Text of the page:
Chef Maurizio Ferrarese Offers Cooking Classes and Comedy at Quattro
I've been to plenty of cooking classes and cooking demonstrations over the years, but none as enjoyable as the one I attended last week Quattro. Much of this is attributable to the genial Maurizio Ferrarese, executive chef at the Four Seasons' in-house restaurant and a natural teacher who blends humor and helpful guidance that will make even the least accomplished cook feel comfortable in kitchen.
Photo by Katharine Shilcutt Eating the fruits of my labor at Quattro.
Ferrarese has the grace and charm of an old-school TV chef -- the Graham Kerrs or the Emeril Lagasses of the days before shows like Cupcake Wars took over the Food Network -- with a practical side. This is important, after all, as you're going to be eating the food you're preparing and cooking. Ferrarese doesn't want you to poison yourself.
In the course of last week's class, Ferrarese took five of us into the massive kitchen at the Four Seasons -- spotless, brightly-lit, stainless steel surfaces gleaming, looking for all the world like a studio save for the bustling cooks and waitstaff all around -- and taught us how to make a three-course meal of osso bucco ravioli, burrata and tomato salad and an Italian chocolate and caramel flan.
Photo by Paula Murphy Everyone in class wears a toque and an apron.
We watched attentively as Ferrarese dumped five basic ingredients into a stand mixer and let the dough hook go to work on the flour, semolina, water, egg yolks and salt. A few short minutes later, the ochre-colored dough had already formed and Ferrarese began passing it through an extruder over and over again until each small ball of dough became a fine curtain.
After letting it rest overnight, Ferrarese said, you'd be ready to start making your pasta. Thankfully, he already had a few sheets ready for us to fill up with an osso bucco mixture he'd prepared. When one of the class members asked what animal osso bucco came from, Ferrarese jokingly replied: "From any animal! Even people have an osso bucco," he laughed, pointing to his own leg. "But it's probably not very good."
The laughs and the open questions were encouraged throughout the class. "You can ask me anything!" prodded the Italian-born chef. "Not just about ravioli!"
Photo by Katharine Shilcutt Ferrarese shows off his sheets of semolina pasta.
"How do I keep my beurre blanc from breaking?" I finally asked at one point. Ferrarese got a serious look on his face.
"Have you tried adding a few drops of water?" he responded. I hadn't, but made a mental note to try it out the next time I hated myself enough to try a beurre blanc again.
Following our successful pasta-making session, in which Ferrarese showed us how to make everything basic ravioli and fettuccine from the raw dough all the way to delicately curved cappatelli that resemble a Pope's hat, we turned to the burrata. Ferrarese taught the class how to heat mozzarella in a water bath until stretchy, then meld the pliable cheese into shape over a spoonful of stracciatella cheese before wrapping into a dumpling-like shape and letting it rest in warm, salty water.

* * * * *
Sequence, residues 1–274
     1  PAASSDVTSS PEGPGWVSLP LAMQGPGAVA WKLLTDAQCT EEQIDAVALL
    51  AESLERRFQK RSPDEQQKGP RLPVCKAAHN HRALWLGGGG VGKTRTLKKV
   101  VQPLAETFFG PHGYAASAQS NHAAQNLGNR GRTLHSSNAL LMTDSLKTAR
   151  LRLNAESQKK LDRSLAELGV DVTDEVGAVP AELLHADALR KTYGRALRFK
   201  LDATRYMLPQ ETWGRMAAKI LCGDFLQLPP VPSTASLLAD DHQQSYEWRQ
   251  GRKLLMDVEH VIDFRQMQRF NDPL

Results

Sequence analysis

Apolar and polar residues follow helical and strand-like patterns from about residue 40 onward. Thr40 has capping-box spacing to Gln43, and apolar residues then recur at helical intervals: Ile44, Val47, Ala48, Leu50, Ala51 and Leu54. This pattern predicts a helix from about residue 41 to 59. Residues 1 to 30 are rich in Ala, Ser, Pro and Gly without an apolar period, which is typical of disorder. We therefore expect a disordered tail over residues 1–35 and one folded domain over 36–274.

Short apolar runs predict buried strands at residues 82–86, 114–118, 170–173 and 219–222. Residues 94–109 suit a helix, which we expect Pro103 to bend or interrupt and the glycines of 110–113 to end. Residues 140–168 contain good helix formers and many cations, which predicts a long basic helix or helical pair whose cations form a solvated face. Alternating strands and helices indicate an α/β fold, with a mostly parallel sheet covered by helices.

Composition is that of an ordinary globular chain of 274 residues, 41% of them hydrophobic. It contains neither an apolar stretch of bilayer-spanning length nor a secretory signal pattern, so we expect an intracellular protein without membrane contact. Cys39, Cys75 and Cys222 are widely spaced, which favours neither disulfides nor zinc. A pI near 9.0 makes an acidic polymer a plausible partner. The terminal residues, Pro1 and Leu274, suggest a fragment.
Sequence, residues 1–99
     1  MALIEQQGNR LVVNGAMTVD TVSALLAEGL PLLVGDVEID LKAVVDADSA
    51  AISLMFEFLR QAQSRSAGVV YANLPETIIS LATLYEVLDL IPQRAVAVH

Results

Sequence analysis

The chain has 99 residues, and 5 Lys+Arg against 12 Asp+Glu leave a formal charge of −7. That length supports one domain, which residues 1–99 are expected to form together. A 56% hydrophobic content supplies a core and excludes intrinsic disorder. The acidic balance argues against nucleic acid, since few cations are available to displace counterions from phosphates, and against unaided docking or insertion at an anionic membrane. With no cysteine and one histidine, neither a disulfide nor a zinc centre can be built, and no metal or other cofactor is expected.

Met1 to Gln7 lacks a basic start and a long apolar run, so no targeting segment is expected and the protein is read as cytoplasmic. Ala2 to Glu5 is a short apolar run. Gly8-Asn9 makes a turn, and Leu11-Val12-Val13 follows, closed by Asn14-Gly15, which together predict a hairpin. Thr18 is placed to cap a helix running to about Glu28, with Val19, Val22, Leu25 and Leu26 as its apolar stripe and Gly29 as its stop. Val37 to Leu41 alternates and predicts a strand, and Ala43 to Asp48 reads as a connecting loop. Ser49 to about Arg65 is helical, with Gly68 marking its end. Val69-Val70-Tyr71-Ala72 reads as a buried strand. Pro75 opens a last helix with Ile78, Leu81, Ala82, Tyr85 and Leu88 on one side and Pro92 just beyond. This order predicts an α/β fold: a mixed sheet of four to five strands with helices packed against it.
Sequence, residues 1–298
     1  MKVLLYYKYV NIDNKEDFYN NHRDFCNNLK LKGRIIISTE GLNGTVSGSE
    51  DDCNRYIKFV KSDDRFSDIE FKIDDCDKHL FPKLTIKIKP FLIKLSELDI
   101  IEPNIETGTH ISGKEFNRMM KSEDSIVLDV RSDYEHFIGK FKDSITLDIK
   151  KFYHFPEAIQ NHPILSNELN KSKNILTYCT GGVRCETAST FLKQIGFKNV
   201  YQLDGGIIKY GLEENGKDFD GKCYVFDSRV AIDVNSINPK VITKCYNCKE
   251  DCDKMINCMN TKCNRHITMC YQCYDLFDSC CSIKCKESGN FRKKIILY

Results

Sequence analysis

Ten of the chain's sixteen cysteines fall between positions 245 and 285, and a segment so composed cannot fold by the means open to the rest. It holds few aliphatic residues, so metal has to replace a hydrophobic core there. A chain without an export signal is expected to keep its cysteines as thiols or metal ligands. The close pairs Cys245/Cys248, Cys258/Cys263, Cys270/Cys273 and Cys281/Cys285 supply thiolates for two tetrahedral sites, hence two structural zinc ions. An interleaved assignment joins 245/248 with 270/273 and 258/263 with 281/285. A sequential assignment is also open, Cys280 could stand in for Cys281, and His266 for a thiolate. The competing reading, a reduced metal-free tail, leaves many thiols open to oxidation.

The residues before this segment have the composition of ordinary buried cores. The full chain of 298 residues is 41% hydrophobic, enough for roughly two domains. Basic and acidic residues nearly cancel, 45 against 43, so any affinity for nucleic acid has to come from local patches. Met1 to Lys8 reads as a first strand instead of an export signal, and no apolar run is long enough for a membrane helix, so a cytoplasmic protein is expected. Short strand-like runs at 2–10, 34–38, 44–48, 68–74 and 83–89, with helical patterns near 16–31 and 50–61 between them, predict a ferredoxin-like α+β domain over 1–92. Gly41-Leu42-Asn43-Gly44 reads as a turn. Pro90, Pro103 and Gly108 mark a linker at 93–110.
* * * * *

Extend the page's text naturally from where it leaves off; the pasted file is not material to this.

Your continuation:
The burrata cheese went onto some heirloom tomatoes along with basil, Maldon salt, olive oil, balsamic vinegar and pepper for a salad that we all tore into once we were seated in Quattro's private dining room. The plate-glass windows on one dining room wall overlook the busy kitchen, and we watched both the sous chefs at work and Ferrarese as he cooked our ravioli for us on burners positioned squarely on the dining table itself.
My various pockets of ravioli turned out surprisingly well, thanks to careful instruction.
To my surprise, all of our ravioli turned out perfectly -- even my own clumsy attempts. I had never felt more proud of my limited cooking skills than I did looking down at the little pockets in my bowl, each topped with a slice of shaved truffle and a delicate drizzle of cream sauce.
By the time dessert was served, most of us were too exhausted by our pasta-making endeavors to pay much attention, and I very nearly fell asleep in my bowl of flan -- a reminder that our chefs put in far more hot, exhausting work in a kitchen than my doughy writer's body could probably endure in an evening. Nevertheless, it was a thrill to experience even a sliver of that firsthand. Even if I hadn't walked away determined to make my own pasta at home (more on that to come...), that lesson was definitely driven home.
Cooking lessons at Quattro don't have to involve ravioli, though. They can be completely customized to your own interest, skill level and group size. Want to take a date to learn how to make pizza from an Italian chef? Ferrarese will teach you both. Want to treat a group of employees to a team-building session that tastes good too? Quattro can set that up for you. Classes can accommodate anywhere from two to 16 people.
Photo by Katharine Shilcutt Ferrarese even gave me a few much-needed knife skills pointers when he saw me mangling some basil leaves.
Prices for the cooking classes range from $95 to $140 per person, depending on the food being prepared, and wine can also be purchased to enjoy during your lesson starting at $38 a bottle. (I strongly encourage this particular add-on, as it's how I cook at home anyway.) For more information or to set up your own class, call the Four Seasons' private dining manager Astrid Calderon at 713-652-6248.
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